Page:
Reaching the age of 16 is something most American kids can hardly wait for; so is turning 21. The ages at which we can drive and drink alcohol are two major milestones in our cultural definition of adulthood. But how many newly minted 18-year-olds do you know who are ecstatic about finally being able to vote? Voter participation statistics show that young people who are eligible to vote aren't doing so; of the 18-to-24-year-olds eligible to vote in Spokane County during the last presidential election -- 44,114 of them -- only 7,045 of them actually cast a ballot. Miah Flores, a 23-year-old Spokane resident, says he's too disillusioned to vote.
"Political morals aren't there, and I don't like how the whole thing is run," he says. "I don't want to be a part of it. Everyone wants to say that we do make a difference, and that our votes count, but in the last election it was proved wrong because a majority of the people didn't vote for Bush, but yet we have him as president."
Of the more than half million 18-to-24-year-olds eligible to vote in Washington state during the last presidential election, about 31 percent cast ballots; in Spokane County, that dropped to 16 percent of eligible voters between 18 and 24.
"The skate park, what happens with swimming pools, the buses -- that's all because of people who vote," says Wendy Acosta of Spokane's Chase Youth Commission. "I tell the kids, 'If the whole classroom voted, you could have changed the results of whether or not the Spokane Valley incorporated or whether or not we have a strong mayor in Spokane."
As the nation gears up for a heated election year, young voters are on the radar screen. Can they swing the election? Throughout the summer, young people will be summoned to forums, parties and open houses designed to register young voters.
While the national Republican Party has a semi-truck touring the nation that opens up with displays aimed at getting young people registered, the Spokane County Young Democrats are hosting a party at the Detour this Saturday, May 15, to encourage young people to register to vote.
"We want to encourage younger people to take responsibility for this right we have -- a right that many people don't have around the globe," says Katie Kirking, the Young Democrats' president.
The Detour will host live music from the Side Project, Matt Kelly, Awesome Miami and DJ Messiah. Though the event is hosted by the Young Democrats, Kirking says the focus will be on getting people registered more than espousing partisan politics.
"There will be candidate tables and information but no candidates speaking," she says. "Mostly we're looking to promote the right to vote. We want to show that it can be fun to be involved in politics."
Another local voting effort, LEAP (Leadership, Education, Activation, Purpose) is underway as well. A government and history teacher at Mead High School, Kevin Workman, started LEAP after he realized how many students are interested in politics.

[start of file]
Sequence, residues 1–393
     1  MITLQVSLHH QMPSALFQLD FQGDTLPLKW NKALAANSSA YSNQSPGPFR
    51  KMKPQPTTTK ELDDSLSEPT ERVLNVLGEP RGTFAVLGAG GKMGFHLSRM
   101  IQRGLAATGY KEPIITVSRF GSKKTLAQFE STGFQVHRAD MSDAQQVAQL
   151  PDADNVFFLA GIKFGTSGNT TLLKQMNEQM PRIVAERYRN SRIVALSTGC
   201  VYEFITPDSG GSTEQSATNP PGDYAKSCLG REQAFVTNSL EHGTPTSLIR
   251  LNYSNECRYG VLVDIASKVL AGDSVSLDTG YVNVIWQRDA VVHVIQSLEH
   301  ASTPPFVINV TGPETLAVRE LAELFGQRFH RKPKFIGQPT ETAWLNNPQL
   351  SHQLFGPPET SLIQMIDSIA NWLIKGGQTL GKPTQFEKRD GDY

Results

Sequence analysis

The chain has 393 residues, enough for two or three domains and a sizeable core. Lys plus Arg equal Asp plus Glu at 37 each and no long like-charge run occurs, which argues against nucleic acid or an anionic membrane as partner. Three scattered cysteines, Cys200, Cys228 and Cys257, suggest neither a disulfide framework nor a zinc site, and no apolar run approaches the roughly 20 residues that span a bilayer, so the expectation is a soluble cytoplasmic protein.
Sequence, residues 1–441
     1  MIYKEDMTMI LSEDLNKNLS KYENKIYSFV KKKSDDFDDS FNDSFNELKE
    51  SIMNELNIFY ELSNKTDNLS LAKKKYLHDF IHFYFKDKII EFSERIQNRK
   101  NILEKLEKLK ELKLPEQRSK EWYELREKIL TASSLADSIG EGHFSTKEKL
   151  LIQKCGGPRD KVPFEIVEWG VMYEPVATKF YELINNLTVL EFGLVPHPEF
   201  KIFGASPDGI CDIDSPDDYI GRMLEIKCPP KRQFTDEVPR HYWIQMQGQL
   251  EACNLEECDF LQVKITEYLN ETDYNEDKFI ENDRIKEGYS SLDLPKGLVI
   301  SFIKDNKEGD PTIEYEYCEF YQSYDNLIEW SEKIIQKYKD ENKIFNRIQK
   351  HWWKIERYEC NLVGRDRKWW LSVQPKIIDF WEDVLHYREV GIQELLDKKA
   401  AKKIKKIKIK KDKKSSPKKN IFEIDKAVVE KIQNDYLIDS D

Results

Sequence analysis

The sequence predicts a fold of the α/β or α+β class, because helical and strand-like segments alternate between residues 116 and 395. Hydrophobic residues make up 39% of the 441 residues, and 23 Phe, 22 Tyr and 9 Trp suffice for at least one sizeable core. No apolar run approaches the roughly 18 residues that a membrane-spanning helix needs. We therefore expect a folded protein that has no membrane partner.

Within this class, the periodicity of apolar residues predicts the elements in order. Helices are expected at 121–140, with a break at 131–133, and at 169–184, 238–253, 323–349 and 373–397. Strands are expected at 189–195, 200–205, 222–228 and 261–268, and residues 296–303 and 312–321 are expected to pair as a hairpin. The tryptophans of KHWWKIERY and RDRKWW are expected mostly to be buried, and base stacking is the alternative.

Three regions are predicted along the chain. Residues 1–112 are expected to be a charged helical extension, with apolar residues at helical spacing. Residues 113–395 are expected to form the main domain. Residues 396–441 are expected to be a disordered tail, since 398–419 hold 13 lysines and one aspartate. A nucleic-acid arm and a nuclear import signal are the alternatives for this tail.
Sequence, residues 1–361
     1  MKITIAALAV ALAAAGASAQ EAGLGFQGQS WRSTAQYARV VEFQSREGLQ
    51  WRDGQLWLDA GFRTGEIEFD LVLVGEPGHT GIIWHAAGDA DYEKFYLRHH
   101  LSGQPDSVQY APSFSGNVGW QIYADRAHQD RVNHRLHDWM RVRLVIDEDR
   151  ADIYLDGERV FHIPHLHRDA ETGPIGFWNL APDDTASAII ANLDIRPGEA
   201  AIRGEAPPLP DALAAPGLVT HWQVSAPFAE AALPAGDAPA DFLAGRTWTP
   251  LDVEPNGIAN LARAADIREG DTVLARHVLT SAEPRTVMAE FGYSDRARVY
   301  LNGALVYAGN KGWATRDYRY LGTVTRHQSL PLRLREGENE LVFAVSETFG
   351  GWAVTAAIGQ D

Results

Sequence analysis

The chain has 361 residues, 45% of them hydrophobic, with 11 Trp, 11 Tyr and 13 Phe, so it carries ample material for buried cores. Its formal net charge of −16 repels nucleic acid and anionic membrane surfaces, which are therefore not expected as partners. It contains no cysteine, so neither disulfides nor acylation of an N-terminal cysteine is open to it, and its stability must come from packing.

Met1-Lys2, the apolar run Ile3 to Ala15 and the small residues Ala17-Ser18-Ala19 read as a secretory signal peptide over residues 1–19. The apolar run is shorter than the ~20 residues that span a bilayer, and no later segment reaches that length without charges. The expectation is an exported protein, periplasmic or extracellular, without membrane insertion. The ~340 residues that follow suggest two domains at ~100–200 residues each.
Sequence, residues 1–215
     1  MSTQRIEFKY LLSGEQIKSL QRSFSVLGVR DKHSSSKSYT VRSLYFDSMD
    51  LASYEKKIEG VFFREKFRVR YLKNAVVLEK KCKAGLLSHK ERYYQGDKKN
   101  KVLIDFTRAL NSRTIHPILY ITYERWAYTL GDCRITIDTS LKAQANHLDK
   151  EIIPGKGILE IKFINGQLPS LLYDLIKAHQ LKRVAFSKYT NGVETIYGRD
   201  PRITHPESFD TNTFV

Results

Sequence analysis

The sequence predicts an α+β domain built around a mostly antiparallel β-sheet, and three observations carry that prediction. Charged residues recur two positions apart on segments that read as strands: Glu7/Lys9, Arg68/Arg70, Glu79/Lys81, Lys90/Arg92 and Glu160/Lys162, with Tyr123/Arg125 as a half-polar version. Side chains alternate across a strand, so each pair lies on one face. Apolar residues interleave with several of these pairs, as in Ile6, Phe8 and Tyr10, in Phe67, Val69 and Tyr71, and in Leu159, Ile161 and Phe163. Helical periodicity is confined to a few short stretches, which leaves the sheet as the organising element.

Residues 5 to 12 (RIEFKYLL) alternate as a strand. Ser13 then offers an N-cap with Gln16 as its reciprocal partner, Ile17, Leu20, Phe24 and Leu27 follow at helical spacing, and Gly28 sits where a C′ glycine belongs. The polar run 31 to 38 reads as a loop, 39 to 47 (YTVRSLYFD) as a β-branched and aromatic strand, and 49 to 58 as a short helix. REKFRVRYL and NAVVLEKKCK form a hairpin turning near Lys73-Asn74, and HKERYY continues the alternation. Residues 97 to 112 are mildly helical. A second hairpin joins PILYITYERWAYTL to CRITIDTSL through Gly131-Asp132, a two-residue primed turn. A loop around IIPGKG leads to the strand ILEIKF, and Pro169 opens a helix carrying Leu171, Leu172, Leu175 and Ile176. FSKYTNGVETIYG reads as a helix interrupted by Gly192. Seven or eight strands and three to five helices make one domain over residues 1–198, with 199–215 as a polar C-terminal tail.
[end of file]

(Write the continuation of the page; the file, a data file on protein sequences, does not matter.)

"LEAP started as a brainstorm to create a community service project that would be linked to a topic that we were studying in class," explains Workman. "What kept coming back as a topic was how cynical and disillusioned young people are, so we started talking about what could be done about it."
LEAP volunteers attend community events, locate people who are eligible to vote and make sure they're registered.
"The key to our mission statement is that we are nonpartisan," Workman says. "We're working our tails off to be as diverse as possible in terms of memberships, sponsorship and getting people involved."
Workman says so far the response is positive: "We've only done this for two events, and already we're seeing a greater and more enthusiastic response from the young people."
LEAP's goal is to register every graduating senior every year. Workman says LEAP is still getting off the ground and is looking for sponsors, but says there's no shortage of young volunteers.
Flores, who doesn't vote, admits he's in the minority among his friends.
"A majority of people I know vote and feel pretty strongly about it," Flores says. "Maybe I'm just stubborn, but it's a choice I made."
Acosta, with the Youth Commission, says young people should see voting as a way to have more power.
"They can swing a vote. Registering to vote is a big deal because it gives you a voice. People will be listening to you forever. You have a voice -- it's time to use it."
The Spokane County Young Democrats will host a voter registration party this Saturday, May 15, at the Detour, 175 S. Monroe St., at 9 pm. Bring ID. LEAP volunteers will also be scouting for potential voters Saturday at the Lilac Parade. Look for the red balloons and T-shirts.